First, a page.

Now we can use matrix operations to turn the first half of this matrix into an identity matrix. What we want to accomplish is to turn all the numbers not on the diagonal to zeros and all the numbers on the diagonal to ones. Your matrix operations may be in a different order than mine, but the end result will always be the same if done correctly.

What I'm going to do is first add the second row to the third row to get a new third row. I get 0, 0, 1, 0, 1, 1. Now I'm going to multiply this new third row by -3 and add it to the top row to get a new top row. Multiplying the third row by -3, I get 0, 0, -3, 0, -3, -3. Adding this to the top row, I get 1, 0, 0, 1, -3, -3 for my new top row. My last step to turn the left side of this matrix into an identity matrix is to divide the second row by 2. Doing this, I get 0, 1, 0, 0, 0.5, 0 for my new second row. Now that I've turned the left side of the matrix into an identity matrix, the right side gives my inverse matrix. My inverse matrix is this one.

And I'm done. I have found my inverse matrix.

Let's review what we've learned now. We've learned that the **identity matrix** is the square matrix that has ones on its diagonal and zeros everywhere else, and an **inverse matrix** is defined as the inverse matrix that meets the criteria of A * A sup -1 = I, where A stands for a matrix A, A sup -1 stands for the inverse of matrix A, and I stands for the identity matrix. We can liken our identity matrix as the number 1 of the matrix world. Just like how anything multiplied by 1 is itself, so it is with the identity matrix. A matrix multiplied by its matching identity matrix is itself.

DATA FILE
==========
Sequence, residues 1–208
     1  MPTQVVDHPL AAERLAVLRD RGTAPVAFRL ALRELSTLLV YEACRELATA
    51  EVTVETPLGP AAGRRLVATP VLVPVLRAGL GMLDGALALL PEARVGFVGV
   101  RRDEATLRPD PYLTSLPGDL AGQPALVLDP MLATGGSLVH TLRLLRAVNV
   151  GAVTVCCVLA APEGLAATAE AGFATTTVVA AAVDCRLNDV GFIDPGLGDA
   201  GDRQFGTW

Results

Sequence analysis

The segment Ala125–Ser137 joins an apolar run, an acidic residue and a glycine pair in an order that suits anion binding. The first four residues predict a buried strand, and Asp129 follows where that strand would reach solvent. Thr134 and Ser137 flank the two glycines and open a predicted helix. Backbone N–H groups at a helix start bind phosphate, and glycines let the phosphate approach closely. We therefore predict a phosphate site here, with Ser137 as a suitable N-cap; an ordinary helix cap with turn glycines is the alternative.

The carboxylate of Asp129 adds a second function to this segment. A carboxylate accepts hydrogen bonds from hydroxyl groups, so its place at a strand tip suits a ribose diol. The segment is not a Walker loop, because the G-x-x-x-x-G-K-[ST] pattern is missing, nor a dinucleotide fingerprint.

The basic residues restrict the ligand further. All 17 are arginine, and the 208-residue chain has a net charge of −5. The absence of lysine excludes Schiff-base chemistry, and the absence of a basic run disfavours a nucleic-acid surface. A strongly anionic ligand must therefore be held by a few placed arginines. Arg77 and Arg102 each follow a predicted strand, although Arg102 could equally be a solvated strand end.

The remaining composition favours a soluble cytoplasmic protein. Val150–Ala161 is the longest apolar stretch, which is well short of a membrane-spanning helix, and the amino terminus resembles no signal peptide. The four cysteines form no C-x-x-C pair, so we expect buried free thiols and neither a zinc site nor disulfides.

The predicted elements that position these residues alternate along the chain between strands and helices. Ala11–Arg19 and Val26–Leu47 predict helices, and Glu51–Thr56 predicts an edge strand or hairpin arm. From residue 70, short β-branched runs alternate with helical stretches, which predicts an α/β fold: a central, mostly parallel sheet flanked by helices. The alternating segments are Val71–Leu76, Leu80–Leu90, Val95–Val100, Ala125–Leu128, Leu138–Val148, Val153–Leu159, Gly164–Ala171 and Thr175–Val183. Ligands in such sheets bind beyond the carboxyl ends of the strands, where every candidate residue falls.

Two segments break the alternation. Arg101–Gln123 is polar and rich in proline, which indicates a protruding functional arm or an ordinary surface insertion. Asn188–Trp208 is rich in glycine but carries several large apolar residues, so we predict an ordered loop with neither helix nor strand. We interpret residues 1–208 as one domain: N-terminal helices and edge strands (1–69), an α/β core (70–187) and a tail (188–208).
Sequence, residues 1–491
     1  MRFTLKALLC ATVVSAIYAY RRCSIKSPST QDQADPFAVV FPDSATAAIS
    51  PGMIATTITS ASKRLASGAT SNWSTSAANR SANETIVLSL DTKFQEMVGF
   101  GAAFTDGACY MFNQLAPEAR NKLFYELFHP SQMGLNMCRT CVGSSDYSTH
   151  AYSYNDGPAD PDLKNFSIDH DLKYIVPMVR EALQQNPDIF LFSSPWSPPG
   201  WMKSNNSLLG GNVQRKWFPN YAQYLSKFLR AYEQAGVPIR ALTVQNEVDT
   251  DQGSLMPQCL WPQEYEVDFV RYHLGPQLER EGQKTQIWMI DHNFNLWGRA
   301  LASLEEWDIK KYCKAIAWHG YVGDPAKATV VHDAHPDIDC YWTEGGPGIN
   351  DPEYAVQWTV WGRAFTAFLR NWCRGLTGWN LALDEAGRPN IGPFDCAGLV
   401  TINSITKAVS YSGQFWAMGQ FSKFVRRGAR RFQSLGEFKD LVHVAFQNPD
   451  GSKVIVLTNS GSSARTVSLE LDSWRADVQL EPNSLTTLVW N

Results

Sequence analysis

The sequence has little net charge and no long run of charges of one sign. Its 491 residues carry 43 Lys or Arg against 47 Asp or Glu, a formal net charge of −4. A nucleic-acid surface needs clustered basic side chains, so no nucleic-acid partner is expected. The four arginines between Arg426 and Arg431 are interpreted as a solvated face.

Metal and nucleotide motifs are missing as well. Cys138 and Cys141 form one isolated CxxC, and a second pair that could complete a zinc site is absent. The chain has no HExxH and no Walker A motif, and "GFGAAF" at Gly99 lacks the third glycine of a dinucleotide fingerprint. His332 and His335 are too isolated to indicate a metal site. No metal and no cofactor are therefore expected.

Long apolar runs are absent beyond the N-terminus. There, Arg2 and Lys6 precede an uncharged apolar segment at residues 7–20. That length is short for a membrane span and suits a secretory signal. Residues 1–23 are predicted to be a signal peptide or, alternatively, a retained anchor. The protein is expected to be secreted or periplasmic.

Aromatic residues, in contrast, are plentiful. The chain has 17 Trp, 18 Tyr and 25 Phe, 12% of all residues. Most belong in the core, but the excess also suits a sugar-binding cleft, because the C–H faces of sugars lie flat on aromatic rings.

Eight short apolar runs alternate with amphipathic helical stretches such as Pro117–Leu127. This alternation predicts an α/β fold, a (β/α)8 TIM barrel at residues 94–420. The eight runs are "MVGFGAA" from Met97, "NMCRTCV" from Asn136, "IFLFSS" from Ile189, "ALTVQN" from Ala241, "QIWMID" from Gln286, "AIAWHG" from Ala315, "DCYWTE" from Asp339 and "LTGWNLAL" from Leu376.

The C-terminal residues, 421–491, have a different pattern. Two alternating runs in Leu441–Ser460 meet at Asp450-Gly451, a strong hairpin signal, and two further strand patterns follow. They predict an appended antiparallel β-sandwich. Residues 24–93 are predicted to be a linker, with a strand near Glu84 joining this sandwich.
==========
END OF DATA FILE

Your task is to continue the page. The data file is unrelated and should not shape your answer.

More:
To find the inverse of a matrix we set up a big matrix by combining our matrix with its identity matrix. We write our matrix on the left and the identity matrix on the right. We perform matrix operations to turn the left side into the identity matrix. The resulting right side will be our inverse matrix. Inverse matrices are important to learn about because they act as division in the matrix world. By using an inverse matrix, we can solve equations that involve matrices.

Use the knowledge you develop while studying this lesson to:

- Define identity matrix and provide examples
- Characterize the inverse matrix
- Highlight the steps necessary to find the inverse of a matrix with matrix operations

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Algebra II Textbook26 chapters | 256 lessons

- What is a Matrix? 5:39
- How to Write an Augmented Matrix for a Linear System 4:21
- How to Perform Matrix Row Operations 5:08
- Matrix Notation, Equal Matrices & Math Operations with Matrices 6:52
- How to Solve Inverse Matrices 6:29
- How to Solve Linear Systems Using Gauss-Jordan Elimination 5:00
- Inconsistent and Dependent Systems: Using Gaussian Elimination 6:43
- Multiplicative Inverses of Matrices and Matrix Equations 4:31
- How to Take a Determinant of a Matrix 7:02
- Solving Systems of Linear Equations in Two Variables Using Determinants 4:54
- Solving Systems of Linear Equations in Three Variables Using Determinants 7:41
- Using Cramer's Rule with Inconsistent and Dependent Systems 4:05
- How to Evaluate Higher-Order Determinants in Algebra 7:59
- Go to Algebra II: Matrices and Determinants